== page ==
Now, foreseeing this possibility, it is easy to step into the trap of the Napoleonic precedent. One hastens to foretell that either with the pressure of coming war, or in the hour of defeat, there will arise the Man. He will be strong in action, epigrammatic in manner, personally handsome and continually victorious. He will sweep aside parliaments and demagogues, carry the nation to glory, reconstruct it as an empire, and hold it together by circulating his profile and organizing further successes. He will—I gather this from chance lights upon contemporary anticipations—codify everything, rejuvenate the papacy, or, at any rate, galvanize Christianity, organize learning in meek intriguing academies of little men, and prescribe a wonderful educational system. The grateful nations will once more deify a lucky and aggressive egotism. . . .  And there the vision loses breath.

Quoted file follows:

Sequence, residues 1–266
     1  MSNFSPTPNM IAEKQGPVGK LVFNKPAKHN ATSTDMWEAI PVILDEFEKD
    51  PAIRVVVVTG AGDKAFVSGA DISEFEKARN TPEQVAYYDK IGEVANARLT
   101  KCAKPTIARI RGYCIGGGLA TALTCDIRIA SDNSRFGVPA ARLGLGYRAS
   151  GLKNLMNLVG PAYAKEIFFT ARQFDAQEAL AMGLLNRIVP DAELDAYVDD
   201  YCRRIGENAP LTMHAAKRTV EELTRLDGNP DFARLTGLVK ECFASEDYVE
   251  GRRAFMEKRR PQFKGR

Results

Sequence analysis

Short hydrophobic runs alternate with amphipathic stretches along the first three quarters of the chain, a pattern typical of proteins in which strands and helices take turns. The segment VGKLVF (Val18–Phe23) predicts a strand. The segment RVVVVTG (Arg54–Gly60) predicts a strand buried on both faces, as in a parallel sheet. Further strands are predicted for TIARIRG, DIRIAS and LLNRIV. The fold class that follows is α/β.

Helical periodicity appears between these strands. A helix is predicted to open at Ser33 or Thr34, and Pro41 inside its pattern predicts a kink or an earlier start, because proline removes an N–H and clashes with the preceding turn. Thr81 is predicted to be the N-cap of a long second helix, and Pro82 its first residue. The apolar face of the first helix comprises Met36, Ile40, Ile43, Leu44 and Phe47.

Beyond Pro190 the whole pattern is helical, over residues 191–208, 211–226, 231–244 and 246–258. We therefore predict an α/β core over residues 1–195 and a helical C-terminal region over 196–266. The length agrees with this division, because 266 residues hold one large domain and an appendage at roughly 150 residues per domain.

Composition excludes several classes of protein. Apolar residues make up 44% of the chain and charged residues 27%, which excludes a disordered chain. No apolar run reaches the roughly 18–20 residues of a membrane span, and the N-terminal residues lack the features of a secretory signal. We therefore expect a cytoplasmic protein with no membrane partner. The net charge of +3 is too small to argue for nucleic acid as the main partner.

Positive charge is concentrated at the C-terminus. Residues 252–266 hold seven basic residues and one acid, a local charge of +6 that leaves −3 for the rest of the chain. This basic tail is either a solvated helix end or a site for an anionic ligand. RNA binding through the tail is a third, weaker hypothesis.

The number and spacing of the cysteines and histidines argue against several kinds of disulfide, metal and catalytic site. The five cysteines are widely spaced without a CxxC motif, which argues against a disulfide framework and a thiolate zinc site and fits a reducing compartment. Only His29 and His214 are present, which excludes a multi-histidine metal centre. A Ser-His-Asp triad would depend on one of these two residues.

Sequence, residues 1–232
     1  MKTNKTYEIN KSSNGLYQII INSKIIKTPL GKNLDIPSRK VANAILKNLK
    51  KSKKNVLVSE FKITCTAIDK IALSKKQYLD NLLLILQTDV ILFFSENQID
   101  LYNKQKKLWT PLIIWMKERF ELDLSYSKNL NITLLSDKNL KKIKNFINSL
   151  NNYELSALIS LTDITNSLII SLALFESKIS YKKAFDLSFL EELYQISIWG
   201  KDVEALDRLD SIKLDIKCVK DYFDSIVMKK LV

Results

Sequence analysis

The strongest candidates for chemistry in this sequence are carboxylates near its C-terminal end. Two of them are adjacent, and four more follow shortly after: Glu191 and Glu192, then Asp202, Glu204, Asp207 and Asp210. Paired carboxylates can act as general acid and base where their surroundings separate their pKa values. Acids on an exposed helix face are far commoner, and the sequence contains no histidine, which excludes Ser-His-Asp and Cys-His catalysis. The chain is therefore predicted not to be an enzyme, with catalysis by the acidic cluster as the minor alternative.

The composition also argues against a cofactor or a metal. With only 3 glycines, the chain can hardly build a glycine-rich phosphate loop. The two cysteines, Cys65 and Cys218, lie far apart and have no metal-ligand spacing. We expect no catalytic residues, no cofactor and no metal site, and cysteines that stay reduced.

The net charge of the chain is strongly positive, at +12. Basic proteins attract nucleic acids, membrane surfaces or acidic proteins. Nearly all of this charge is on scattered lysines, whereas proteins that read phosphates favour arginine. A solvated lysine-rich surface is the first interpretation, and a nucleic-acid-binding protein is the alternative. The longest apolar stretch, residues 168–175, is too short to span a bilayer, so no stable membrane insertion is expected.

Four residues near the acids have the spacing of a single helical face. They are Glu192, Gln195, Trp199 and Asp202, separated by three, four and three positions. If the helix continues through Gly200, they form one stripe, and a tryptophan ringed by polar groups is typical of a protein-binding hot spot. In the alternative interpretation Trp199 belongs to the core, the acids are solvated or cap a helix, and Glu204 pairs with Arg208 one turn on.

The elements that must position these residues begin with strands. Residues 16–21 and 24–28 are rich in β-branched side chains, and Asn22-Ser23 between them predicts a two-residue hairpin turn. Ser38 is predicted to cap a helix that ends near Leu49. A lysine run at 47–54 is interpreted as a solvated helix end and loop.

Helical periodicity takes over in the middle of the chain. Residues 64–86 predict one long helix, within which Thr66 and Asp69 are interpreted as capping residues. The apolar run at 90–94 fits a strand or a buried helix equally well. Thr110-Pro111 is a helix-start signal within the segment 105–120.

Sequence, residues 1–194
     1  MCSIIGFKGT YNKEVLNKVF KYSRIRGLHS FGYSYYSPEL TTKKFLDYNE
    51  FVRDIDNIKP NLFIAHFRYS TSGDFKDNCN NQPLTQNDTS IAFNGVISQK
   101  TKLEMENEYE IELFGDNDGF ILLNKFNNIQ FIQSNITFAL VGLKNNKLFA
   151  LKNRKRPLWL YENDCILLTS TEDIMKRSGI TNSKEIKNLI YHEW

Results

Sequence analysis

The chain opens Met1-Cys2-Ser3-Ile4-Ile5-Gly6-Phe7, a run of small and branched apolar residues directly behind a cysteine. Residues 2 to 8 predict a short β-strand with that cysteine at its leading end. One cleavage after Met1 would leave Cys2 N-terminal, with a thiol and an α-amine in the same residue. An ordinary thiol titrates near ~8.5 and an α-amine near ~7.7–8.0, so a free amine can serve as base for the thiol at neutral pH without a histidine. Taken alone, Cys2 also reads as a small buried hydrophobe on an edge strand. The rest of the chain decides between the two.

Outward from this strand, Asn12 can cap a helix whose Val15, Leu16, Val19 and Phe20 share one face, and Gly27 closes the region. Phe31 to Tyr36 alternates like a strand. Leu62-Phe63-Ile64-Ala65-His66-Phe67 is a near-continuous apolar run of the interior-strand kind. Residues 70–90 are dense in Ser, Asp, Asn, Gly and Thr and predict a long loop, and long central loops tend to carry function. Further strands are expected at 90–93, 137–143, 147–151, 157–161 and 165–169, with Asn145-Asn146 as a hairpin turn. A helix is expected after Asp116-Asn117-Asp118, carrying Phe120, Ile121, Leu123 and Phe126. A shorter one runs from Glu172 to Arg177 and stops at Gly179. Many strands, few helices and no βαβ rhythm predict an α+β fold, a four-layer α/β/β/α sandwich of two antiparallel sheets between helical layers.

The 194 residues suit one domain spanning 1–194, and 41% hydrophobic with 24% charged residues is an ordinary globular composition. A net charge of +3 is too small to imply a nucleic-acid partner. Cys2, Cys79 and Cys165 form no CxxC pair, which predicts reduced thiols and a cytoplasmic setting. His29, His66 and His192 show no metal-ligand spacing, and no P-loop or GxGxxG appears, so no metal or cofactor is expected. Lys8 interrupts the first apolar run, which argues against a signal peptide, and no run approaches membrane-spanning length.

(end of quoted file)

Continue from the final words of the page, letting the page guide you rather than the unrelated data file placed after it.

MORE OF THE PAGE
Nothing of the sort is going to happen, or, at any rate, if it happens, it will happen as an interlude, as no necessary part in the general progress of the human drama. The world is no more to be recast by chance individuals than a city is to be lit by sky rockets. The purpose of things emerges upon spacious issues, and the day of individual leaders is past. The analogies and precedents that lead one to forecast the coming of military one-man-dominions, the coming of such other parodies of Cæsar’s career as that misapplied, and speedily futile chess champion, Napoleon I. contrived, are false. They are false because they ignore two correlated things; first, the steady development of a new and quite unprecedented educated class as a necessary aspect of the expansion of science and mechanism, and secondly, the absolute revolution in the art of war that science and mechanism are bringing about. This latter consideration the next chapter will expand, but here, in the interests of this discussion, we may in general terms anticipate its gist. War in the past has been a thing entirely different in its nature from what war, with the apparatus of the future, will be—it has been showy, dramatic, emotional, and restricted; war in the future will be none of these things. War in the past was a thing of days and heroisms; battles and campaigns rested in the hand of the great commander, he stood out against the sky, picturesquely on horseback, visibly controlling it all. War in the future will be a question of preparation, of long years of foresight and disciplined imagination, there will be no decisive victory, but a vast diffusion of conflict—it will depend less and less on controlling personalities and driving emotions, and more and more upon the intelligence and personal quality of a great number of skilled men. All this the next chapter will expand. And either before or after, but, at any rate, in the shadow of war, it will become apparent, perhaps even suddenly, that the whole apparatus of power in the country is in the hands of a new class of intelligent and scientifically-educated men. They will probably, under the development of warlike stresses, be discovered—they will discover themselves—almost surprisingly with roads and railways, carts and cities, drains, food supply, electrical supply, and water supply, and with guns and such implements of destruction and intimidation as men scarcely dream of yet, gathered in their hands. And they will be discovered, too, with a growing common consciousness of themselves as distinguished from the grey confusion, a common purpose and implication that the fearless analysis of science is already bringing to light. They will find themselves with bloodshed and horrible disasters ahead, and the material apparatus of control entirely within their power. “Suppose, after all,” they will say, “we ignore these very eloquent and showy governing persons above, and this very confused and ineffectual multitude below. Suppose now we put on the brakes and try something a little more stable and orderly. These people in possession have, of course, all sorts of established rights and prescriptions; they have squared the law to their purpose, and the constitution does not know us; they can get at the judges, they can get at the newspapers, they can do all sorts of things except avoid a smash—but, for our part, we have these really most ingenious and subtle guns. Suppose instead of our turning them and our valuable selves in a fool’s quarrel against the ingenious and subtle guns of other men akin to ourselves, we use them in the cause of the higher sanity, and clear that jabbering war tumult out of the streets.” . . .  There may be no dramatic moment for the expression of this idea, no moment when the new Cromwellism and the new Ironsides will come visibly face to face with talk and baubles, flags and patriotic dinner bells; but, with or without dramatic moments, the idea will be expressed and acted upon. It will be made quite evident then, what is now indeed only a pious opinion, namely, that wealth is, after all, no ultimate Power at all, but only an influence among aimless, police-guarded men. So long as there is peace the class of capable men may be mitigated and gagged and controlled, and the ostensible present order may flourish still in the hands of that other class of men which deals with the appearances of things. But as some supersaturated solution will crystallize out with the mere shaking of its beaker, so must the new order of men come into visibly organized existence through the concussions of war. The charlatans can escape everything except war, but to the cant and violence of nationality, to the sustaining force of international hostility, they are ruthlessly compelled to cling, and what is now their chief support must become at last their destruction. And so it is I infer that, whether violently as a revolution or quietly and slowly, this grey confusion that is Democracy must pass away inevitably by its own inherent conditions, as the twilight passes, as the embryonic confusion of the cocoon creature passes, into the higher stage, into the higher organism, the world-state of the coming years.